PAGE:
The Coronation Street star was asked for her thoughts after Nicola Thorp spoke out after the British Soap Awards.

Coronation Street actress Kym Marsh has said photographers’ attempts to take revealing pictures of female stars need to stop, after her co-star Nicola Thorp said she was subjected to sexist behaviour at the British Soap Awards.

Kym was speaking after Nicola revealed on Wednesday that a photographer attempted to take a picture of her breasts while she was putting on a seat belt in a car after the ceremony.

Kym said she often experiences similar treatment and backed her colleague’s call for an end to the behaviour that Thorp claimed was prevalent at red carpet events.

Kym told OK! Magazine: “It’s a horrible end to a great night when things like that happen but it does happen.

“I’ve lost count of the number of times I’ve got into a car after a night out and a photographer’s trying take a picture between my legs.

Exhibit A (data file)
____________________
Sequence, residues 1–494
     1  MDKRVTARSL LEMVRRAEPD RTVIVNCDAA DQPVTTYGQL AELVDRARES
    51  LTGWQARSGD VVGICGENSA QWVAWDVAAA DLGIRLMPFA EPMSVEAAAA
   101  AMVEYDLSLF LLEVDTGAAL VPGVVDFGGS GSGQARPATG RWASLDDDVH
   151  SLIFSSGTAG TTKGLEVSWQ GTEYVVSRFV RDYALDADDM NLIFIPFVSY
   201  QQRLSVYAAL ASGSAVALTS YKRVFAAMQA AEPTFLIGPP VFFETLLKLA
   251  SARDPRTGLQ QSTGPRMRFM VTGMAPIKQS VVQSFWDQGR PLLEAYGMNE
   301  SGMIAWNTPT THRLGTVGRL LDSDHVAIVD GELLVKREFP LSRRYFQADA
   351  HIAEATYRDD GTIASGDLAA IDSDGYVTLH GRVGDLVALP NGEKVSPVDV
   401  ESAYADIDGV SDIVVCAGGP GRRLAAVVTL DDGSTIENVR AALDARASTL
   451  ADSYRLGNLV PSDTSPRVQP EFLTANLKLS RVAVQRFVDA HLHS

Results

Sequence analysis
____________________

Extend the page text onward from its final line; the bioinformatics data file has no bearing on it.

“It needs to stop. As a woman in the public eye, there’s always the worry that something like this will happen when you go out and that shouldn’t be the case at all.”

Nicola had attended the awards ceremony as nominee in the category for best newcomer for her performances as Nicola Rubinstein in the ITV soap.

She lost out on the night to Lorraine Stanley, who plays in Karen Taylor in EastEnders.

Despite not winning the prize, Nicola wrote in an article for The Metro that she had enjoyed the event prior to the paparazzo’s efforts to take an unflattering picture of her.

Nicola Thorp
Nicola Thorp has spoken out about the sexist treatment she received from a photographer at the British Soap Awards (Matt Crossick/PA)

Nicola said the incident was symptomatic of the dark culture that exists in the media’s coverage of red carpet events.

She wrote: “While the #MeToo and #TimesUp campaigns are redressing the gender inequality in the world of entertainment and beyond, there remains a dark alley of the web where sexism thrives: the red carpet reports.

“And the effects of the toxic language within them are damaging not only for the individuals in the article, but for the individuals being targeted to read it.”

The full interview with Kym can be read in the latest edition of OK! Magazine and on its website http://www.ok.co.uk.